Silicon Annealing Using the Procyon g2000

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Silicon annealing is a crucial step in the semiconductors industry. It is used in the manufacture of silicon chips and wafers to change the characteristics of these devices.

Laser silicon annealing is used when manufacturing Low Temperature Poly Silicon (LTPS) displays. These displays a very versatile: they can be found in LCD, OLED, curved and flexible displays. LTPS displays have the highest resolution, brightness and colour depth many other advantages, providing an ideal user experience. In addition, their low power consumption prolongs the battery life of handheld devices. To create LTPS, the amorphous silicon from normal TFT silicon semiconductor junctions must be transformed into poly-crystalline silicone (see Figure 1).

Silicon annealing

Figure 1. Schematics of crystalline formations of Amorphous Silicon TFT semiconductor junction (left) and Low Temperature Poly Silicon TFT semiconductor junction (right).

Excimer lasers emitting in the UV were conventionally used for Silicon annealing, however 532 nm DPSS lasers are more cost-effective and rely on the high absorption rate of 532 nm radiation by silicon. Powerlase developed the Procyon g2000 laser system with this application in mind. The instrument creates several beams with a combined power of 2000 W. They are aligned into a line focus with a scalable line width between 750 and 1300 mm. The line focus is moved across the silicon surface and transforms the amorphous silicon into polycrystalline silicon as shown in Figure 2. The beam is actually nanosecond pulsed so that it maintains pulse fluence to necessary levels, and all pulses are synchronized within 1 ns trigger variation.

Green laser line focus irradiating the moving surface of the silicon layer

Figure 2.a. Green laser line focus irradiating the moving surface of the silicon layer, converting amorphous silicon to polycrystalline silicon.

Green laser annealed silicon layer on SiO2 substrate

Figure 2.b. Green laser annealed silicon layer on SiO2 substrate, with a thickness of 60 nm and average crystal grain size of 0.4 µm, comparable to excimer laser annealing.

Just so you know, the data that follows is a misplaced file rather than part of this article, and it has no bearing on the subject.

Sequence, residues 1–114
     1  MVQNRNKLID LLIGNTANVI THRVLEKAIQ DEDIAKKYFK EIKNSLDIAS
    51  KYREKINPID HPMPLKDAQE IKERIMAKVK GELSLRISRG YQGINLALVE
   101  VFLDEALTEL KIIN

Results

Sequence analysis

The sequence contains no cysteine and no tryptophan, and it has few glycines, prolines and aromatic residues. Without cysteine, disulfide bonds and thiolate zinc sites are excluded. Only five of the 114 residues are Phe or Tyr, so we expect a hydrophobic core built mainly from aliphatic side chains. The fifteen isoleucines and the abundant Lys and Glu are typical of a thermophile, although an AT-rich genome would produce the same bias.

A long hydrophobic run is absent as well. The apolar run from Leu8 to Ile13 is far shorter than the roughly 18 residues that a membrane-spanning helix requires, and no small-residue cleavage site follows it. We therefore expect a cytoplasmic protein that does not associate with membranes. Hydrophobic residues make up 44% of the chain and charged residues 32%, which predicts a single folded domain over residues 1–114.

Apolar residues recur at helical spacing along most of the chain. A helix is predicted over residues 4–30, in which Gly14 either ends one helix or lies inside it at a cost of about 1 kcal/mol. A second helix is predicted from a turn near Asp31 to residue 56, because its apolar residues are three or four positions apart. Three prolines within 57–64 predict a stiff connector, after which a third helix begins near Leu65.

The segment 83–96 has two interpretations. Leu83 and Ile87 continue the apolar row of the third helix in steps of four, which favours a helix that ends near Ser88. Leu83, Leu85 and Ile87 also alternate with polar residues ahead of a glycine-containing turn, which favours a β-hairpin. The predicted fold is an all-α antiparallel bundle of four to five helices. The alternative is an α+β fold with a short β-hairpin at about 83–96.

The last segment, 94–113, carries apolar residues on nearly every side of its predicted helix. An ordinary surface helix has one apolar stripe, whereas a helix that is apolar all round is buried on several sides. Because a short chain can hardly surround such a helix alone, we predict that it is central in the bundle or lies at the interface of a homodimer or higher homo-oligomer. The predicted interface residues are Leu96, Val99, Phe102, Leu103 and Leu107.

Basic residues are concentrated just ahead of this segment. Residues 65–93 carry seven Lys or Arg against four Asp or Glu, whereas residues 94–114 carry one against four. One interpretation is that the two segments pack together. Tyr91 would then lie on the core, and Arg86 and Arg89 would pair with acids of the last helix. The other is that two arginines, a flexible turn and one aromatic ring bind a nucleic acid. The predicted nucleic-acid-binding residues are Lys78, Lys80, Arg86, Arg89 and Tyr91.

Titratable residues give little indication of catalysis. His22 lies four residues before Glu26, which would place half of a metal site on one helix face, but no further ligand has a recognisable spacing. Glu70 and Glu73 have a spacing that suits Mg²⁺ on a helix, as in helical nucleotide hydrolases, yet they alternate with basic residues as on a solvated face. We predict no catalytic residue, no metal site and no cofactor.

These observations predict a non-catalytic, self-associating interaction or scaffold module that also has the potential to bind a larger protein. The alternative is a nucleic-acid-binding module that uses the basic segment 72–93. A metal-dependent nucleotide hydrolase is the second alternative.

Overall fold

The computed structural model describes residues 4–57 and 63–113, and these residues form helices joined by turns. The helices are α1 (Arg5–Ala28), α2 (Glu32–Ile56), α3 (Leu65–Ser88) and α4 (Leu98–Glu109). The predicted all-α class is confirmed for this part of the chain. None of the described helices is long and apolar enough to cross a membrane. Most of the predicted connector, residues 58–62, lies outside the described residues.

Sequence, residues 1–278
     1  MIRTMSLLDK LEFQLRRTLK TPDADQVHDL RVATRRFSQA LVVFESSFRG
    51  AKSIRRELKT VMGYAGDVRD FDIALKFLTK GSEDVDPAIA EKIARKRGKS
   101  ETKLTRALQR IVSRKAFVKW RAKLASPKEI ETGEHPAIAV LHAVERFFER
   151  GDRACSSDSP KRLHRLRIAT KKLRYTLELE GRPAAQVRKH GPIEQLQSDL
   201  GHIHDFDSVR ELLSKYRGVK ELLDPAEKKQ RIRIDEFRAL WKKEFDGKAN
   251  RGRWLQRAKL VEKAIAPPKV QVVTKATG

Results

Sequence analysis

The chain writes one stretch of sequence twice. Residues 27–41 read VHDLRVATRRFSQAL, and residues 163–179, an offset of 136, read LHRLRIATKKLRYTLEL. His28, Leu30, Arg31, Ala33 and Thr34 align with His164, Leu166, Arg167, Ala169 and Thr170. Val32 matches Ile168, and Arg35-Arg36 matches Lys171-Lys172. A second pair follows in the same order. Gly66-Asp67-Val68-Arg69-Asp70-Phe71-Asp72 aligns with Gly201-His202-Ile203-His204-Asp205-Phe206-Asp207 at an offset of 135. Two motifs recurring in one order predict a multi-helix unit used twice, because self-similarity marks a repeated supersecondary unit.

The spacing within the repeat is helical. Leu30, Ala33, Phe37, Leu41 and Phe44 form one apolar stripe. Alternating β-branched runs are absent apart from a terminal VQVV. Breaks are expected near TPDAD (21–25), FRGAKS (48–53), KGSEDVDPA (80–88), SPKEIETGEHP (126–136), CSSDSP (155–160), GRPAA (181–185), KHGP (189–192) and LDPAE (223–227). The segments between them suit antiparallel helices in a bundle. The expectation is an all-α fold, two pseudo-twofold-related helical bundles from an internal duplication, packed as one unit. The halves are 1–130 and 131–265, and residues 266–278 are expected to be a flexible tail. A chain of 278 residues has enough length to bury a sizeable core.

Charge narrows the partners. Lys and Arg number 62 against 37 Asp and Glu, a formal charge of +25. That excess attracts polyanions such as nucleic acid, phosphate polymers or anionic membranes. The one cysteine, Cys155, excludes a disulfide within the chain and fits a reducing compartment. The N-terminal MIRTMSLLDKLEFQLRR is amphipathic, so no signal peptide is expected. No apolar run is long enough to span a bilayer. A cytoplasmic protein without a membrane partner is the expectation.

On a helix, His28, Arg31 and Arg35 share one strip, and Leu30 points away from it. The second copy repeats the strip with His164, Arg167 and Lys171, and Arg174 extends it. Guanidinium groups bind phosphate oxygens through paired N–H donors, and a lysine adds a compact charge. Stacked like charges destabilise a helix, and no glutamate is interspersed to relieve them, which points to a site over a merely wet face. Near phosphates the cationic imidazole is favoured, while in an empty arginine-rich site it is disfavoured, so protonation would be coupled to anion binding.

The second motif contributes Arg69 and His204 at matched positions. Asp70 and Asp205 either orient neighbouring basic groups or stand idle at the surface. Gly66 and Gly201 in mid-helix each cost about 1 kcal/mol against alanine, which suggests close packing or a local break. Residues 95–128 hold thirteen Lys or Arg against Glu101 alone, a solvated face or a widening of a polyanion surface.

In the Excimer Laser Annealing process, the speeds reach around 90 cm2/s, whereas with the Green Laser Annealing process using the Procyon g2000 laser source one can achieve speeds between 130 to 150 cm2/s. At the same time, the cost is less than 1/5th that of the excimer based system. In addition, the toxic gases required in excimer lasers need to be regularly exchanged along with the laser windows and chambers that hold these gases. The Procyon g2000 laser source eliminates these requirements, thus dramatically reducing the safety risks. At the same time, it increases the laser optics availability to over 95%.

The Powerlase Procyon g2000 laser system

Figure 3. The Powerlase Procyon g2000 laser system (laser system with control electronics).

The Powerlase Procyon g2000 laser system

Figure 4. The Powerlase Procyon g2000 laser system (green emission by several shelved laser cavity modules).

The Powerlase Procyon g2000 laser source has very low pulse to pulse energy variations, capped by specification at 6% 6 σ range. Therefore, a very stable average power is emitted by the system as a whole (Figure 3.), with typical variation in the 0.4% 6 s. The laser system is completely modular and can provide from 2 to 10 beams of 200 W average power each (Figure 4).

Andritz Powerlase Limited

This information has been sourced, reviewed and adapted from materials provided by Andritz Powerlase Limited.

For more information on this source, please visit Andritz Powerlase Limited.

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